APS - 3 equipment overhauled in Korean port
December 10, 2010
PORT OF GWANGYANG, South Korea-Packed with more than 1,000 trucks, trailers, and other equipment belonging to the Army's Prepositioned Stocks - 3 program, the USNS Watson docked here to service its cargo.
Just days after its late-November arrival, the Watson's crew, along with the 403rd Army Field Support Brigade and several other military and civilian organizations, began the arduous process of downloading, upgrading, replacing, and reloading the numerous pieces of equipment on the 950-foot-long ship.
The mission was managed and controlled by the Army Field Support Battalion - Northeast Asia based at Camp Carroll, some three hours north of the port.
"This something that we would actually do in a war-time situation or contingency operation," said Col. Barry Diehl, commander of the 403rd AFSB, headquartered at Camp Henry. "It involves a lot of different partners and other units and agencies to complete the mission. That takes - from a command and control and a leadership perspective - [all of] us to bring all those pieces together. That replicates what we would have to do in a 'real-world' situation or contingency operation.
That's the real value of this training."
The scheduled download proved a perfect time to test the APS - 3 program's ability to rapidly equip forces for any crisis or conflict, to replace aging or obsolete equipment loaded aboard, or upgrade equipment support systems. In this case, the download focused on replacing aged forklifts in the Army's inventory and upgrading air conditioning units on M915 line-haul tractors to maintain mission readiness.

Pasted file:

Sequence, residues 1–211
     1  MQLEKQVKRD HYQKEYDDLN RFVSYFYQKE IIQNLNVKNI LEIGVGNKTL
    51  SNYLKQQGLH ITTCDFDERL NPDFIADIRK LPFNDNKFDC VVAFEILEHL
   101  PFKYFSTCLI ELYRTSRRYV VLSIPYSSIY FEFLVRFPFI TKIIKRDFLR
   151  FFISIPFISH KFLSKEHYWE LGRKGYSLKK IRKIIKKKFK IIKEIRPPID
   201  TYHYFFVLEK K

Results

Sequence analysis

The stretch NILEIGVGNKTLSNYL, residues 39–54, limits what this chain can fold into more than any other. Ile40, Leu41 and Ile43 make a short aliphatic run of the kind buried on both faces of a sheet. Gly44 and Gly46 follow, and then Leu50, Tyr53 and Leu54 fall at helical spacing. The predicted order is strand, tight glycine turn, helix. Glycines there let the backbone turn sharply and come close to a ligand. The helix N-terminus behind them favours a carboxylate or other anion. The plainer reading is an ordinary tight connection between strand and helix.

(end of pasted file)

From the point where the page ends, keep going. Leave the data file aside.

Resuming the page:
At the civilian port's maintenance facility, Materiel Support Center - Korea personnel upgraded air-conditioning compressors on 113 tractors.
"Maintaining the readiness of the APS fleet in general is paramount to what we do," said Diehl. "In this specific case, being able to perform maintenance on the equipment [stored] aboard this particular ship is the focus of this operation."
Like a giant, multi-tiered chess board, coordinating the process of moving the equipment from ship to shore while tracking the disposition and location of everything from equipment and personnel to the batteries used to power hand-held radios for communication across the dock, required a degree of expertise supplied by the Soldiers and civilians of AFSBn - NEA and Army Strategic Logistics Activity Charleston.
"Our main mission at Charleston is to receive and maintain and store prepositioned stocks afloat," said Ed Bonham with ASLAC out of Charleston, S.C. "[APS - 3] is one of the triads of our strategic plan.
"Our equipment has been used in the past. For OIF we downloaded our vessels and issued our equipment to the 3rd Infantry Division primarily. They used that [equipment] as part of the initial thrust in '03."
The ship, longer than three football fields has nearly 400,000 square feet of cargo space on six decks, is loaded with about 1,500 pieces of equipment that the Army keeps out at sea, ready to go wherever it's needed if hostilities break out, or to provide emergency logistics equipment during crisis.
"With this equipment we are able to move it around the world to wherever that hot-spot may be, whenever that may be," said Bonham. "Unlike a land-based APS, you have to be in the right place."
A crowd of reporters was on hand shortly after the Watson docked to record the operation, which came at a sensitive time in the contentious relations between North and South Korea. In reply to questions, Army authorities said the event was scheduled months ago. Ships in the Army's APS program are routinely brought into port and the equipment catalogued and maintained.
Once the equipment was serviced and loaded back aboard the Watson, the floating warehouse headed out to sea. But the operation does send a message about America's ability to deliver materiel far from its shores.